Are you satisfied with your backup?
This is such a simple question, but often it is overlooked. Although upgrades
are possible, it is not recommended to perform an upgrade, as explained later in
this chapter. An upgrade to ESX version 3 would leave behind several rather large
files (the global vSwap file) and other bits of configuration information. However,
the upgrade is supported if the proper version of ESX version 2.x.x is in use.
Although the full list will be part of the ESX upgrade documentation from
VMware, here is a short list of upgradeable versions of ESX:
■   ESX Server version 2.1.1
■   ESX Server version 2.1.2
■   ESX Server version 2.1.3
■   ESX Server version 2.2
■   ESX Server version 2.5.1
■   ESX Server version 2.5.2
■   ESX Server version 2.5.3
■   ESX Server version 2.5.4
57
Chapter 3—Installation

The steps for an upgrade are similar to the steps for an install, with some
minor differences. For example, the file system placements and allocations will not
be changed. If the system is a “boot from SAN” configuration, be sure that the
only LUNs mounted are the boot volume and necessary VMFS volumes. All other
LUNs should not be seen by the ESX Server—specifically, ext3 type file systems
other than the boot LUN.
Consider the following: Red Hat does not recommend an upgrade when mov-
ing from major release to major release of their operating system. Because the pre-
upgrade COS is running Red Hat version 7.2 and the post-upgrade COS will be
running Red Hat version 3.0 Enterprise Server Update 6, the Red Hat recommen-
dation is to reinstall and restore any important bits as necessary. However, as you
learned in Chapter 2, ESX is not Linux, so this recommendation needs to be con-
sidered, but is not necessary to obey. Reinstallation is generally better, but the
If the desired path is to reinstall, it is strongly recommended that the complete
ESX Server be backed up to a remote location on either tape or disk. At the very
least, back up all VM configuration files and data, located in /home/vmware,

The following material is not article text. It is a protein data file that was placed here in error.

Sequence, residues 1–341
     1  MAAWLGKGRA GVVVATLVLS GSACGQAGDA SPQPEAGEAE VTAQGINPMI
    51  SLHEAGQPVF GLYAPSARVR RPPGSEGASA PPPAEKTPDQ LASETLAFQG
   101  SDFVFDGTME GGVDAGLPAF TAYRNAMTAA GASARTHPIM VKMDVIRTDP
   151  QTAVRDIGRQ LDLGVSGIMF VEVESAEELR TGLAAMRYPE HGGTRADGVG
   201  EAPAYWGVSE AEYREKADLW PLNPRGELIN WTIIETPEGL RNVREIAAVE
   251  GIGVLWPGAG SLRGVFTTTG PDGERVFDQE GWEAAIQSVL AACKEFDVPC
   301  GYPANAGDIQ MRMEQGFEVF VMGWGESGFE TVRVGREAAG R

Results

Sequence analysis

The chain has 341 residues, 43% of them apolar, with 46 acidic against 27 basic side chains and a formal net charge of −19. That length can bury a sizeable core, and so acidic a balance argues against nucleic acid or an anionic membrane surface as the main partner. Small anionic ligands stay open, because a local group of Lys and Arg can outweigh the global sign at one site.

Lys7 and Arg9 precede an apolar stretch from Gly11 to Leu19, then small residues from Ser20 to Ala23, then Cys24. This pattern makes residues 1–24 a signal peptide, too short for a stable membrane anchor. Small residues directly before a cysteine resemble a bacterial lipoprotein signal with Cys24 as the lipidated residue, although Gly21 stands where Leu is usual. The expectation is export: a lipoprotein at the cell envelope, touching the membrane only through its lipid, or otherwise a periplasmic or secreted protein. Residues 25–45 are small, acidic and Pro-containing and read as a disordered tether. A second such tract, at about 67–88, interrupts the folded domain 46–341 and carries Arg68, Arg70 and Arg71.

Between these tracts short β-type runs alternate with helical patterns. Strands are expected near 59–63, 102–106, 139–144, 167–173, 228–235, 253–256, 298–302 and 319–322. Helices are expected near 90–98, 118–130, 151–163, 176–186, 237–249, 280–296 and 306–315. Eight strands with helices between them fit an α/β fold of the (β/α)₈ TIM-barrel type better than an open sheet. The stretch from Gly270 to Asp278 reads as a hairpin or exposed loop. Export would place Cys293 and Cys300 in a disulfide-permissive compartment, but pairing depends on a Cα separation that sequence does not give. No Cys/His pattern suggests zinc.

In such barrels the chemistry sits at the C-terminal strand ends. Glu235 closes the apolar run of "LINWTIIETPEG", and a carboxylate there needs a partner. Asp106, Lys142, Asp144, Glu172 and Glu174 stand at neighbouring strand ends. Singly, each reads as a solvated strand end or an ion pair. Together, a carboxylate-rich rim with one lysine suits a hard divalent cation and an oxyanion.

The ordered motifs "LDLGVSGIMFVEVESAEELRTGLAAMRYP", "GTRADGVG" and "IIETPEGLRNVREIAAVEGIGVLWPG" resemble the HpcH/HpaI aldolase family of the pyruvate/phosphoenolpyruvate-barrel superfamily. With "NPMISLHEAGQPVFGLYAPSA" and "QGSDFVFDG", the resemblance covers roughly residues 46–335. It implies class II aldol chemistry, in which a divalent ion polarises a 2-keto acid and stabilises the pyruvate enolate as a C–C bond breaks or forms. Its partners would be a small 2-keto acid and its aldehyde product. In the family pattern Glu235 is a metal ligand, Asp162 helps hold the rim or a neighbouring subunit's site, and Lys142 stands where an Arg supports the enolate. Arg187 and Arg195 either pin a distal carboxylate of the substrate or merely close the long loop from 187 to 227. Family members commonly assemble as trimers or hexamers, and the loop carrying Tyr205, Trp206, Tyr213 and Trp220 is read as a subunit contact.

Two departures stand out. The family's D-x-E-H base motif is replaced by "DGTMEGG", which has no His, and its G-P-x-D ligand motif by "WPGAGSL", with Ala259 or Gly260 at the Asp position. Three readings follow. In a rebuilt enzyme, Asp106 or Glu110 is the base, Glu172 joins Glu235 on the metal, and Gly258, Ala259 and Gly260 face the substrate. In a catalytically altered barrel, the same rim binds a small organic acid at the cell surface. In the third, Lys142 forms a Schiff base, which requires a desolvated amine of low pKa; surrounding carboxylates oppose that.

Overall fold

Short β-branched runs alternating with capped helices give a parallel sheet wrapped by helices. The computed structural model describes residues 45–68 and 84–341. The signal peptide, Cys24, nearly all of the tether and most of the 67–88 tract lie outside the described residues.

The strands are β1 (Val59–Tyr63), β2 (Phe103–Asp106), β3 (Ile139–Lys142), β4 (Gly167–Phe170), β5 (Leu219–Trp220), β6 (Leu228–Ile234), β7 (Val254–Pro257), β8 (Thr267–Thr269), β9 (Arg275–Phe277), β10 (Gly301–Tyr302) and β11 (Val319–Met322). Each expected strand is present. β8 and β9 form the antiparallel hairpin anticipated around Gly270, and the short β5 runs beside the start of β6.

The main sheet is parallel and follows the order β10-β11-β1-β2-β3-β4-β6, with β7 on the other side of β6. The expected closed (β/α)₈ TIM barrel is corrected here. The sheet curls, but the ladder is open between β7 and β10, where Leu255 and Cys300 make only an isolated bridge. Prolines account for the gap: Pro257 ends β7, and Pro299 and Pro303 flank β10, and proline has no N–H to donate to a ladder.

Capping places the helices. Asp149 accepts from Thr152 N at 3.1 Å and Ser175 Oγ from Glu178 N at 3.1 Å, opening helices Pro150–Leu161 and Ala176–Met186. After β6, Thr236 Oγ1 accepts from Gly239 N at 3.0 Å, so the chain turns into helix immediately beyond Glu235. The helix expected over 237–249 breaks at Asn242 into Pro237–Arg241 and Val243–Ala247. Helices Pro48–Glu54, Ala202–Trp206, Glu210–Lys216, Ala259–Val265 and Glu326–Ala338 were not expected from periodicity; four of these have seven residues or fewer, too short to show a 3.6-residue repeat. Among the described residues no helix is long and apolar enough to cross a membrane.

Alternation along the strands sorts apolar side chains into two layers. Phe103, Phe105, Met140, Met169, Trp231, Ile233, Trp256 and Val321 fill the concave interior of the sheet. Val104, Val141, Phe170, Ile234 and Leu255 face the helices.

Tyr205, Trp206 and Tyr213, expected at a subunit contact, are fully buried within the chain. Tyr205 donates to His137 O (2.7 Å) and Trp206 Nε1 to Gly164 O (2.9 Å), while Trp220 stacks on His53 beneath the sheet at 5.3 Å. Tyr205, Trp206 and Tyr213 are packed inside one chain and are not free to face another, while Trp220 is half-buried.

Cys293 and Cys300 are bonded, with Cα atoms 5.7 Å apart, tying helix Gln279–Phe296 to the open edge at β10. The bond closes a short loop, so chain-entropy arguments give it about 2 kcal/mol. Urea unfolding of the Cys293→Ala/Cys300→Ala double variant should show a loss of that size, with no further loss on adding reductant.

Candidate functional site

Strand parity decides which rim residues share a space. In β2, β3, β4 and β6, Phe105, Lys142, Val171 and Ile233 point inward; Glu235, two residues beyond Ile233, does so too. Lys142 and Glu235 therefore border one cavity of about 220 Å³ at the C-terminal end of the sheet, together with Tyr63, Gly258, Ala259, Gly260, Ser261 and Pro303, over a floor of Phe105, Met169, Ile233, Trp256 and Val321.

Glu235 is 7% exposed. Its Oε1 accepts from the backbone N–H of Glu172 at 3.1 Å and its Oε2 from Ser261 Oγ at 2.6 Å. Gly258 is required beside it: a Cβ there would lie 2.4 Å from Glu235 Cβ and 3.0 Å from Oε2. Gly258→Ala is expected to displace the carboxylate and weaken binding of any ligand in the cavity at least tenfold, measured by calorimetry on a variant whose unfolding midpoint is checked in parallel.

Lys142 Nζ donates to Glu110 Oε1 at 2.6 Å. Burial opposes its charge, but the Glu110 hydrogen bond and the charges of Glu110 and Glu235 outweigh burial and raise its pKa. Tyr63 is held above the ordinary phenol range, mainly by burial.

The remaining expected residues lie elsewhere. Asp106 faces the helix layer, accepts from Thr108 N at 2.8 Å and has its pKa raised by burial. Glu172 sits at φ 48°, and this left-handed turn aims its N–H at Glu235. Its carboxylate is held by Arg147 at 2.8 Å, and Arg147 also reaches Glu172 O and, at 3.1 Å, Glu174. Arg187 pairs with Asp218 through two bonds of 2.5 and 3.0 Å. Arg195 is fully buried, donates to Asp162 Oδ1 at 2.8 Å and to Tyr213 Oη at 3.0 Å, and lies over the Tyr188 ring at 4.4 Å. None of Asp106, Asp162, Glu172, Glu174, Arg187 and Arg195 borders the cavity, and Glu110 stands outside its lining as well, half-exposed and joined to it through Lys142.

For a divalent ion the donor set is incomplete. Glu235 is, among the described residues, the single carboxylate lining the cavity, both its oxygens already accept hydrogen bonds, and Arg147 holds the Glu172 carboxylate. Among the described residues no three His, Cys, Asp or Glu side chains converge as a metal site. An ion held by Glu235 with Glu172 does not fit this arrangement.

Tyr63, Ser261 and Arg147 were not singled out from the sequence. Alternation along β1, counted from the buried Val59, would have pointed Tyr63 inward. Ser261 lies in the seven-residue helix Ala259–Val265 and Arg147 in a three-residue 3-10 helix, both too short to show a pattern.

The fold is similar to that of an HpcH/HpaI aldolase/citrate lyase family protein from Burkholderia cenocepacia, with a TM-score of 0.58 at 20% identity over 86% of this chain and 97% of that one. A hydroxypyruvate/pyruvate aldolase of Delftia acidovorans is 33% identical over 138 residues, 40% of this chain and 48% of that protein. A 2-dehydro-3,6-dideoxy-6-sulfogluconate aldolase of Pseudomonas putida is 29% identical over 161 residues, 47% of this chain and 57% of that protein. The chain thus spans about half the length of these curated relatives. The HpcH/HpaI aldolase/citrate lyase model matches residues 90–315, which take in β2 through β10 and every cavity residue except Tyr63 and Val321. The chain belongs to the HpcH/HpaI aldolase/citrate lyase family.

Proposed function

/root/vmware, or any other VM configuration location. When the author rein-
stalled an existing ESX Server that had the default installation recommended here-
in for ESX 2.5.x, all he did was copy the VM configuration (VMX) files in
/home/vmware/VMNAME to a remote machine. In addition, disable all remote SAN
connections so that the installation has no chance to affect the VMFS LUNs. The
specific pre-upgrade steps are covered in the following sections.

Step 1: Back Up ESX
Be sure to answer the following question: Are you satisfied with your backup? Are
all the specialized system changes in the COS saved somewhere? Are the VM con-
figuration files saved? Is everything in /vmimages saved? What about copies of all
the VMs? In effect, you are asking this question: “Are all the little changes made to
the ESX Server stored somewhere safe?” Consider backing up the contents of the
/etc and /home directories at the very least for all the little configuration changes.

Step 2: Read the Release Notes
Read the Release Notes to find out whether any features or special instructions
match your desired installation and hardware. The Release Notes will mention newly
added features, resolved and known issues, bug fixes, security alerts, and necessary
workarounds for various installation issues. Release Notes are available for each ver-